Rocketman (2019)

by The Movie Diorama

Rocketman is no Tiny Dancer but isn’t exactly Still Standing. And I think it’s going to be a long, long time before these crowdpleasers fill my soul with pure enjoyment. Very similar to last year’s ‘Bohemian Rhapsody’, I find myself in the internal battle for conforming to an opinion that readers will appreciate but understand, or give it that elusive perfect rating because it’s “enjoyable” to the point that flaws are ignored. I mean, this is coming from an individual who isn’t particularly enamoured by Elton John or musicals for that matter. Sorry to say, and it certainly is the hardest word to say, that this musical biopic packs sequins and extravagant costumes only to follow the most uninspired clichéd narrative structure that has been recycled time and time again. Elton attends an Alcoholics Anonymous meeting and revisits the life that he has lived, leading him to the dangers that fame andfortunes bring.

As I mentioned, I’m not a massive fan of Elton John. Mainly because I didn’t particularly grow up with his music, or was remotely interested in his personal life, however I will say the man has undeniable talent. This film depicts that wonderfully. From when he was a musical prodigy at the Royal Academy of Music to writing legendary songs with his musical partner Bernie Taupin. Hall’s screenplay, with both John and his husband Furnish overseeing the end product, captures his life and condenses it down adequately where the pivotal moments are illustrated with emotion and pride. John seemingly did not want to shy away from his downfall with drugs, depression and sex addiction, which makes Rocketman that instantly more personable. Over half of the film’s runtime tackles his succumbing to depression, and is more often that not heartbreaking to watch. Don’t go breaking my heart, Elton!

Fortunately Fletcher keeps the tone light by integrating fantastical musical numbers that depict Taupin’s lyrics and reflects them through John’s life. “I’m Still Standing” and “Goodbye Yellow Brick Road” being the most notable examples. Ridiculous show stopping costumes, packed with all of John’s razzle dazzle, allow for these musical numbers to glow and illuminate the stage. These outlandish attires were effortlessly worn by Egerton, who simply gives his best performance to date. The perfect balance of emotion and character interpretation, without leading to a caricature performance. It’s obvious that Egerton looks up to John as a role model, and he did a stunning job. Heck, even his singing voice is pretty decent! Bell and Madden gave solid supporting performances, although weren’t given enough to make a lasting impression. Howard on the other hand, I felt, was miscast as John’s mother. Her American accent creeped in on occasion, and she seemed out of place considering the predominantly British cast.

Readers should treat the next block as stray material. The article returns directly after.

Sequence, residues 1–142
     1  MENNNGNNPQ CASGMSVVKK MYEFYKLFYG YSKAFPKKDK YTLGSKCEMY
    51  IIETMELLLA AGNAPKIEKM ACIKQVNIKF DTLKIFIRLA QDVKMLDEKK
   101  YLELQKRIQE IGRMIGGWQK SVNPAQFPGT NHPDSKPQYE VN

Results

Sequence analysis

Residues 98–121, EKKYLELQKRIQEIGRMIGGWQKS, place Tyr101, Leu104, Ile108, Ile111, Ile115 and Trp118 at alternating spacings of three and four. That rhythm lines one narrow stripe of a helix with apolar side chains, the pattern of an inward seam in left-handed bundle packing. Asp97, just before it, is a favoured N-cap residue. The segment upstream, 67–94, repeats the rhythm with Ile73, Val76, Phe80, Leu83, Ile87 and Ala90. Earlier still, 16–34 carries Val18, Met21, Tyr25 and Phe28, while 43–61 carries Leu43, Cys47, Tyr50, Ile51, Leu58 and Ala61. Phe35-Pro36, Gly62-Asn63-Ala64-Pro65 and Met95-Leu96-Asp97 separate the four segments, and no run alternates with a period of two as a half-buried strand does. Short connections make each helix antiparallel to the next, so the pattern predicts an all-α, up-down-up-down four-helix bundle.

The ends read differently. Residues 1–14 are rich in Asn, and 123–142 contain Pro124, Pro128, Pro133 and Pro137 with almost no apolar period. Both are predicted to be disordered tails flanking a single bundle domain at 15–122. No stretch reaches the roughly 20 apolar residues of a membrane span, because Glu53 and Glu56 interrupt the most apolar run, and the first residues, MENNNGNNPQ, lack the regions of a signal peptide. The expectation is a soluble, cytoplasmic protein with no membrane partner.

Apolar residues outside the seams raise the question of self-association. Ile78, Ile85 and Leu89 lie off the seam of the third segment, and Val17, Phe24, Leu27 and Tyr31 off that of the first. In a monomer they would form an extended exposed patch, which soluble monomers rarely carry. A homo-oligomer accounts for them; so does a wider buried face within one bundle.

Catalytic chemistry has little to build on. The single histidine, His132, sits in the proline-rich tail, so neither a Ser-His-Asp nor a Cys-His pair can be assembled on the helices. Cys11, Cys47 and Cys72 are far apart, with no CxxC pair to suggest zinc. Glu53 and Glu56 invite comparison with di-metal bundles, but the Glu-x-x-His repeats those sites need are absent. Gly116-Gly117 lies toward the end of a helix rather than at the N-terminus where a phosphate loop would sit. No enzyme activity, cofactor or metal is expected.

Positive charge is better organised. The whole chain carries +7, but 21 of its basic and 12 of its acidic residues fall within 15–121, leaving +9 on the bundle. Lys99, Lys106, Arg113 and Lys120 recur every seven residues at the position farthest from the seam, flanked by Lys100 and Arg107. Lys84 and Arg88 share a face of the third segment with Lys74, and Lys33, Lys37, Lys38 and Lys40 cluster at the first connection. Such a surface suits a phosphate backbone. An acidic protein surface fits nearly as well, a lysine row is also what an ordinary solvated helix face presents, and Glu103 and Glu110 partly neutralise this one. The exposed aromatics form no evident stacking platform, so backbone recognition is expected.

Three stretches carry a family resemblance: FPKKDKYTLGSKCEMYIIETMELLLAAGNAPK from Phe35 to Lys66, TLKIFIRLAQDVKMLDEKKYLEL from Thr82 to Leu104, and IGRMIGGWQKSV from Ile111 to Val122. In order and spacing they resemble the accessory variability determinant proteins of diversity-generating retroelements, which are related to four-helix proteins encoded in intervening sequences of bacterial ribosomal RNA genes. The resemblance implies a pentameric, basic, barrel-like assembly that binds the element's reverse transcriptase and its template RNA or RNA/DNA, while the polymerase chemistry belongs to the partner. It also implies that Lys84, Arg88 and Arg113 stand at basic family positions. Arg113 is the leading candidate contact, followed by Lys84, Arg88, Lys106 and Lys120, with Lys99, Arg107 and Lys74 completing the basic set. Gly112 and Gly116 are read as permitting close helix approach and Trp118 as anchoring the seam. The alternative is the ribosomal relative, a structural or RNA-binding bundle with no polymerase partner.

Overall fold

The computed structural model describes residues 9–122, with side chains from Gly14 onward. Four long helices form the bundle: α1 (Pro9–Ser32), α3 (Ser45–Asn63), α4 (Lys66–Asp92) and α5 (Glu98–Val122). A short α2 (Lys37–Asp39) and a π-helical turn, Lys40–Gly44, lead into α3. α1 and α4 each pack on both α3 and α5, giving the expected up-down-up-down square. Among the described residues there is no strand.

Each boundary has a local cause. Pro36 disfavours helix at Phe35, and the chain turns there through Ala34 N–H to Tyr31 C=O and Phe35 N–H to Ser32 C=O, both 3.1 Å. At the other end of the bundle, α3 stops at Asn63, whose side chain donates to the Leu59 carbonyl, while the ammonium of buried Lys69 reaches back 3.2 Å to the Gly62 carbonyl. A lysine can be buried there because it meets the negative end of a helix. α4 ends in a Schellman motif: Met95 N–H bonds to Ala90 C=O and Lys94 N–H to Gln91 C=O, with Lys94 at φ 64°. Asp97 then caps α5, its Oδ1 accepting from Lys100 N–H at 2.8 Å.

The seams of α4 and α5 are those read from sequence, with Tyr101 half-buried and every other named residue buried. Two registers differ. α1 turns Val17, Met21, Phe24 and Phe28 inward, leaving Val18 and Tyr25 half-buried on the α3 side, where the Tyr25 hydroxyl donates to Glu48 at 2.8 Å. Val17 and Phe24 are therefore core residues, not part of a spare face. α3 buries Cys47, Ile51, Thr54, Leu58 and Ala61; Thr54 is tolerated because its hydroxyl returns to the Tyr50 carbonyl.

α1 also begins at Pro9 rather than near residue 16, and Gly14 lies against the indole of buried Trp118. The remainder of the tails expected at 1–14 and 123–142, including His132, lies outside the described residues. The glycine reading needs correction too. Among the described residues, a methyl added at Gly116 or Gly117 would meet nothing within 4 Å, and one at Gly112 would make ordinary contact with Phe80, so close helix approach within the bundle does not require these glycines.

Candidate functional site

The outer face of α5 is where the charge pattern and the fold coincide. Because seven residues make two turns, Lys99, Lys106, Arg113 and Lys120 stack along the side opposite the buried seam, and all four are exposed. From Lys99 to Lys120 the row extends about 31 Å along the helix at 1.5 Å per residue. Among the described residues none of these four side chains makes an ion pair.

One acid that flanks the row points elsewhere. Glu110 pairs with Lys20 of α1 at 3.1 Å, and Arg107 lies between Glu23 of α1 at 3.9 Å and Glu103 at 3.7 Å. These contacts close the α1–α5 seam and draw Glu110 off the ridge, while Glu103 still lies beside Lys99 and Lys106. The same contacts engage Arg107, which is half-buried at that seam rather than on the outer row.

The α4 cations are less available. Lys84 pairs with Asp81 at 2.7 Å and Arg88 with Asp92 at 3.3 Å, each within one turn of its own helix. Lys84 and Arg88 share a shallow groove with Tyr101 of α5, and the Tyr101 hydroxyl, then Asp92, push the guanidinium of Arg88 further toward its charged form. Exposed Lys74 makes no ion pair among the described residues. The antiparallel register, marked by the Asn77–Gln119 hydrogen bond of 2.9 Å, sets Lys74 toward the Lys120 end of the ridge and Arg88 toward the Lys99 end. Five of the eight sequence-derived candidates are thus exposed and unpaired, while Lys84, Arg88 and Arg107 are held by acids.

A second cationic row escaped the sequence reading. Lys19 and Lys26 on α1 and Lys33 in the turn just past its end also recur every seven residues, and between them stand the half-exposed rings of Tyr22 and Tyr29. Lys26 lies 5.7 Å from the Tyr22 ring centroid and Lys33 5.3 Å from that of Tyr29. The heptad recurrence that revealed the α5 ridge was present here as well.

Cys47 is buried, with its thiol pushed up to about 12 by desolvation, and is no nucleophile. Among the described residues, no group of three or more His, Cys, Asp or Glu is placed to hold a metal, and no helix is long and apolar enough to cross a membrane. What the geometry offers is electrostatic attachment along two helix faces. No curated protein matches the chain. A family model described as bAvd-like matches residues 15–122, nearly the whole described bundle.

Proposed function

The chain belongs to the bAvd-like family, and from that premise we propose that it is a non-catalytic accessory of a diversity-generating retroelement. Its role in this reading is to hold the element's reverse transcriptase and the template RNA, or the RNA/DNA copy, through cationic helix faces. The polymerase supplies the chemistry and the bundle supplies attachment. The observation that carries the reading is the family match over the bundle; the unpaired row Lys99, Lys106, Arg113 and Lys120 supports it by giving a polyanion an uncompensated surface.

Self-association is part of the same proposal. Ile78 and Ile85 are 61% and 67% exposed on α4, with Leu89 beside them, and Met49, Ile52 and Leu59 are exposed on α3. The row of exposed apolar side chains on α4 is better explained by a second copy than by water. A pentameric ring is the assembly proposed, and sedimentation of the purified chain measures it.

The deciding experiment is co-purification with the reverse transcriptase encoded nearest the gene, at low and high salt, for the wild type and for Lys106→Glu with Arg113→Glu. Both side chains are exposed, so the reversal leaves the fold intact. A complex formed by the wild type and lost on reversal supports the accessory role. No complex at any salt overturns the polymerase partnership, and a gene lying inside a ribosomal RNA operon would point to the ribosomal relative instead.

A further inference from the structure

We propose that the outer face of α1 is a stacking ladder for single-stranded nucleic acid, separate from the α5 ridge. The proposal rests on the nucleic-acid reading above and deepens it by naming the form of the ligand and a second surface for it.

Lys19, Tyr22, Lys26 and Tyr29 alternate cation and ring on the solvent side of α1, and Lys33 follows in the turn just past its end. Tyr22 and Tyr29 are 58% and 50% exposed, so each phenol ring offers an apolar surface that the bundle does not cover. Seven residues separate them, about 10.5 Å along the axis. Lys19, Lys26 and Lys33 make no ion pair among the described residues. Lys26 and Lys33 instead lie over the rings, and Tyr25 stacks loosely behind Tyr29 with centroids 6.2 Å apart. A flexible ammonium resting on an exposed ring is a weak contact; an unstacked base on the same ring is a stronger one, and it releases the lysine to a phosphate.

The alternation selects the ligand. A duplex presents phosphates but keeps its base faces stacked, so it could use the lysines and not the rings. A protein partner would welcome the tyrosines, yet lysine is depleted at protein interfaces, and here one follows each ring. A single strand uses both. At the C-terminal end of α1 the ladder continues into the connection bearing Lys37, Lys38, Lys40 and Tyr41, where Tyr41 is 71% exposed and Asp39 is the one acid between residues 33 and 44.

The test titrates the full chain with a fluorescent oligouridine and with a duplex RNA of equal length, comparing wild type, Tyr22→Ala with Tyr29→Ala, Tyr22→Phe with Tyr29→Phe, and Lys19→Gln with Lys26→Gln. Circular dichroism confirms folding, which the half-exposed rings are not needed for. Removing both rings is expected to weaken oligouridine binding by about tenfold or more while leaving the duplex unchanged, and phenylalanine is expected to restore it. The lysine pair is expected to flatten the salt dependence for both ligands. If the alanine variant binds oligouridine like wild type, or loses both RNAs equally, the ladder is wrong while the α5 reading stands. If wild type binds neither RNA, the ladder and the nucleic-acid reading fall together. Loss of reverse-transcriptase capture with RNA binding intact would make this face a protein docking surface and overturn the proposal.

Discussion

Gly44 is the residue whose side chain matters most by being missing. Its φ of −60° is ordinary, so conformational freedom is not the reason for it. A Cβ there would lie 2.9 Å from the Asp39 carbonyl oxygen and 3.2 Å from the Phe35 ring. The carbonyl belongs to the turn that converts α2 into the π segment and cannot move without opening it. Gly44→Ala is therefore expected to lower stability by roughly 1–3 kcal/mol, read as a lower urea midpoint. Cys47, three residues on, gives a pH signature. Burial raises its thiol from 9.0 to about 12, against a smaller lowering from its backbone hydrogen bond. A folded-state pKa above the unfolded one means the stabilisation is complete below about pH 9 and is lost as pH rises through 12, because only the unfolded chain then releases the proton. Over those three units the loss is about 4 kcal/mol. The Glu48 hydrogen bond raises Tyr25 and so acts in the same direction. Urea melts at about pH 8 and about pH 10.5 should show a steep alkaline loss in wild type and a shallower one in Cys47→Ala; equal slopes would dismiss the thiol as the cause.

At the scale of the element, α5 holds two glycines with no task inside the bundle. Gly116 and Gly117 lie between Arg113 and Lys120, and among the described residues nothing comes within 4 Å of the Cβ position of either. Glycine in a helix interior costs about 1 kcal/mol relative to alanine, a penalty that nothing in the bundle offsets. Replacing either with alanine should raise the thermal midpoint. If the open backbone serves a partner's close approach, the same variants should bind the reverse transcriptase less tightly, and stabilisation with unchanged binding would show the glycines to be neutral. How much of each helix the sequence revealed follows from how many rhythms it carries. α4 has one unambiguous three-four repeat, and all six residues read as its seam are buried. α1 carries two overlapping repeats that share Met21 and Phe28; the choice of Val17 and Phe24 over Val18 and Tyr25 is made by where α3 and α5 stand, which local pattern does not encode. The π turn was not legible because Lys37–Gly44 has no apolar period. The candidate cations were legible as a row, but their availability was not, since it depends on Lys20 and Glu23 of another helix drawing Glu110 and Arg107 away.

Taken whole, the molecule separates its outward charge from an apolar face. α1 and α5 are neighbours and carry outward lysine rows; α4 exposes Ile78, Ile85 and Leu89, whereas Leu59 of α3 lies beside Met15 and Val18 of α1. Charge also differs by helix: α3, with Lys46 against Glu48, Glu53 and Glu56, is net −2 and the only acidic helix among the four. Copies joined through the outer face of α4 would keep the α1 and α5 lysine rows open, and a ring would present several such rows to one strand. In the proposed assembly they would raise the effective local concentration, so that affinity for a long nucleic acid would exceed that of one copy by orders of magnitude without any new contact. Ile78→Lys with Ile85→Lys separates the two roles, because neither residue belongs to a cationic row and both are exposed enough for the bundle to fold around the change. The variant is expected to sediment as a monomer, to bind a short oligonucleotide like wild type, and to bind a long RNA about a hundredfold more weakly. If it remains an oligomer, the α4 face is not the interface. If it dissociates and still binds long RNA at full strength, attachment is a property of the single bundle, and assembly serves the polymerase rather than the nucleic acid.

However, unfortunately I come to aspect of this review that I’m sure will garner some discussions. It’s no surprise that the narrative structure for Rocketman offers the same clichés found in every other mainstream musical biopic. Start of a career, rise to fame, corruption of fame and money, near-death scenario and then the inevitable moment where the singer/songwriter turns their life around. Predictable to the very tip of the writer’s pen. And with that, there was an overbearing sense of familiarity that prevented me personally from fully enjoying this. Despite John’s melancholic depressive state, that may catch many off guard, it did feel occasionally boring. Surprisingly, with John and Furnish onboard as producers, the film wasn’t as self-indulgent as I expected.

But John’s views on his parents, accessible to us on most tabloid papers, unfortunately, taint these characters. They are written with such animosity, to the point that they become almost inhuman, preventing us from understanding their perspective on the complex childhood that John had to endure. They were one-dimensional antagonists. I’m sure they weren’t pleasant to John, but some dimensionality towards them would’ve made for understandable sympathy. The final criticism I have is with the ending. It just ends. It’s no spoiler that John eventually turns his life around. Yet as soon as he does, we are presented with typical onscreen text depicting the rest of his life. Underwhelming, I must confess.

It may sound like I’m being overly critical, but that’s only because these glaring issues are noticeable to me. You may enjoy the film better than I did, and I would not judge you for it. Elton John is undoubtedly a legend, and this subjective statement alone will attract several audiences into what is an enjoyable musical. Rocketman, unfortunately, failed to lift off for me and seemed like an exercise in therapy for Sir Elton John.